The result is surprising because it is inconsistent with the corporate rule and with the policy behind that rule. The policy of the corporate rule was noted by the court: “When a corporation is insolvent, the creditors become ‘the principal constituency injured by any fiduciary breaches that diminish the firm’s value.’” Id. at *6 (quoting Gheewalla, 930 A.2d at 102).
That policy applies as much to an insolvent LLC as it does to an insolvent corporation. If the entity is insolvent, the members’ or shareholders’ economic interest in the LLC or corporation has been wiped out. The creditors then in effect stand in the shoes of the members or shareholders.
The CML court’s conclusion turned on its analysis of Sections 18-1001 and 18-1002 of the Delaware LLC Act:
§ 18-1001. Right to bring action.
A member or an assignee of a limited liability company interest may bring an action in the Court of Chancery in the right of a limited liability company to recover a judgment in its favor if managers or members with authority to do so have refused to bring the action or if an effort to cause those managers or members to bring the action is not likely to succeed.
§ 18-1002. Proper plaintiff.
In a derivative action, the plaintiff must be a member or an assignee of a limited liability company interest at the time of bringing the action and:
(1) At the time of the transaction of which the plaintiff complains; or
(2) The plaintiff’s status as a member or an assignee of a limited liability company interest had devolved upon the plaintiff by operation of law or pursuant to the terms of a limited liability company agreement from a person who was a member or an assignee of a limited liability company interest at the time of the transaction.
(Emphasis added.) The court characterized Section 18-1001 as creating a statutory right, and Section 18-1002 as mandating that the plaintiff must be a member or an assignee of a member. CML, 2010 Del. Ch. LEXIS 220, at *7-8.
The court did not discuss Section 18-1002’s references to “a member or an assignee.” Creditors of an insolvent LLC, like assignees of member interests in a solvent LLC, hold the economic interest in the LLC and become the principal constituency injured by fiduciary breaches. It’s hard to see why such a creditor should not be treated like an assignee of the members’ interests. And assignees are explicitly granted standing in Section 18-1001 to initiate a derivative suit.
The court also did not discuss in any detail the equity-court origins of the derivative-suit remedy. The court’s disregard of the history of the derivative suit led it to conclude that Sections 18-1001 and 18-1002 are the sole source of authority for an LLC derivative suit. CML, 2010 Del. Ch. LEXIS 220, at *8-9.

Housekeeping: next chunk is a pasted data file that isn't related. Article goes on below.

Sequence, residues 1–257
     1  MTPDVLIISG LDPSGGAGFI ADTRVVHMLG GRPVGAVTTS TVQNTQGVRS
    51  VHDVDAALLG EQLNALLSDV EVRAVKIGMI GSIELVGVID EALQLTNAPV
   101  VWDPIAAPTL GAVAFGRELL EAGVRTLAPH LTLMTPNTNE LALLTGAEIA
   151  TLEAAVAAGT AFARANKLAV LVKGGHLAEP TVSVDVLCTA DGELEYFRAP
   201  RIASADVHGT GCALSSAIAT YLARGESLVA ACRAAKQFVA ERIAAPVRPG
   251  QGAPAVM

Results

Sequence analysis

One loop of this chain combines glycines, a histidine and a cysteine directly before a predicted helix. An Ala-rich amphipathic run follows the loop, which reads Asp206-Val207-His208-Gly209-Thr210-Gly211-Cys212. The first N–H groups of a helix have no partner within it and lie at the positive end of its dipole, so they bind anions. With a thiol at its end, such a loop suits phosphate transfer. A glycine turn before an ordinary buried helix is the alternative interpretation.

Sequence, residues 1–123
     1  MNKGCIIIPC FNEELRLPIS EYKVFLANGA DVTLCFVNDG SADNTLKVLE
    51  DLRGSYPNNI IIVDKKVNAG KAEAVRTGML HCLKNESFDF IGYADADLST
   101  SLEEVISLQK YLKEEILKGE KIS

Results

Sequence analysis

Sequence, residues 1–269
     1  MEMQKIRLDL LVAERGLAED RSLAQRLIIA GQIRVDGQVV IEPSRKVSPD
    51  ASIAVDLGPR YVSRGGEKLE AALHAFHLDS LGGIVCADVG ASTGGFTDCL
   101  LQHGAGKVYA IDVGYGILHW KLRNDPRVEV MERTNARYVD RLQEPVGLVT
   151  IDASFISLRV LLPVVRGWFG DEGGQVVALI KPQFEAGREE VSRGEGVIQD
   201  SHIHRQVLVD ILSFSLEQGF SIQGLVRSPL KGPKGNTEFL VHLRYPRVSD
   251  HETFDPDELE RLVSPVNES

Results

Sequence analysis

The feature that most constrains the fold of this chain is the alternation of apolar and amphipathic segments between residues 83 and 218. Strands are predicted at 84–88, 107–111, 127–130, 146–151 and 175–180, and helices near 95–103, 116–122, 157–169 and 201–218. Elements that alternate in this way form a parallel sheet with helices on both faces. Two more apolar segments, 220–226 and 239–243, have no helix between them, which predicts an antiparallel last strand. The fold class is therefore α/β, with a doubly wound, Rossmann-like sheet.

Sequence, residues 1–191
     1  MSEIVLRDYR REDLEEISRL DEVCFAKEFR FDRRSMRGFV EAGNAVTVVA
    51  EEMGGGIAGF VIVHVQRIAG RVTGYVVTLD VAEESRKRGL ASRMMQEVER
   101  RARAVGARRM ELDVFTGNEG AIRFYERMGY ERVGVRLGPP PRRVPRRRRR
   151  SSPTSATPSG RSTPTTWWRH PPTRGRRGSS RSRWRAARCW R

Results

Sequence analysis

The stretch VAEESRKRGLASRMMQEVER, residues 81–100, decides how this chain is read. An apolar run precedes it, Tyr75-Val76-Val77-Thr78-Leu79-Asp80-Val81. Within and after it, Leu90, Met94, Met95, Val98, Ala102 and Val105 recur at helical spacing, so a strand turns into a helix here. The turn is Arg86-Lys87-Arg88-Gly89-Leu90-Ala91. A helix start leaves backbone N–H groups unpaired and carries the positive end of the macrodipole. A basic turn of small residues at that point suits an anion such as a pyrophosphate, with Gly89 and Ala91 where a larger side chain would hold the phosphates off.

That analysis contrasts with the court’s view of Section 327 of the Delaware General Corporation Law (DGCL). Section 327 states: “In any derivative suit instituted by a stockholder of a corporation, it shall be averred in the complaint that the plaintiff was a stockholder of the corporation at the time of the transaction of which such stockholder complains or that such stockholder’s stock thereafter devolved upon such stockholder by operation of law.” The CML court characterized Section 327 as not creating the right to sue derivatively and as not saying that only stockholders can sue derivatively. CML, 2010 Del. Ch. LEXIS 220, at *10 (citing Schoon v. Smith, 953 A.2d 196, 204 (Del. 2008)).
The reason why Section 327 does not create the right to sue is that the derivative-suit remedy was a judicial creation. Schoon describes at length how the right of shareholders to sue derivatively originated in the equity courts in order to prevent a failure of justice, and how the shareholder derivative suit was later restricted by Section 327 to prevent strike suits. Schoon, 953 A.2d at 201-03.
Delaware courts have applied equitable remedies to LLCs even when the remedy is not set forth in the LLC Act, pursuant to the courts’ general equity powers. E.g., Ross Holding & Mgmt. Co. v. Advance Realty Group, LLC, No. 4113-VCN, 2010 Del. Ch. LEXIS 184 (Del. Ch. Sept. 2, 2010) (appointment of a receiver). Consistent with those cases, Delaware presumably would have applied the derivative-suit remedy to LLCs even if Delaware’s LLC Act made no mention of derivative suits.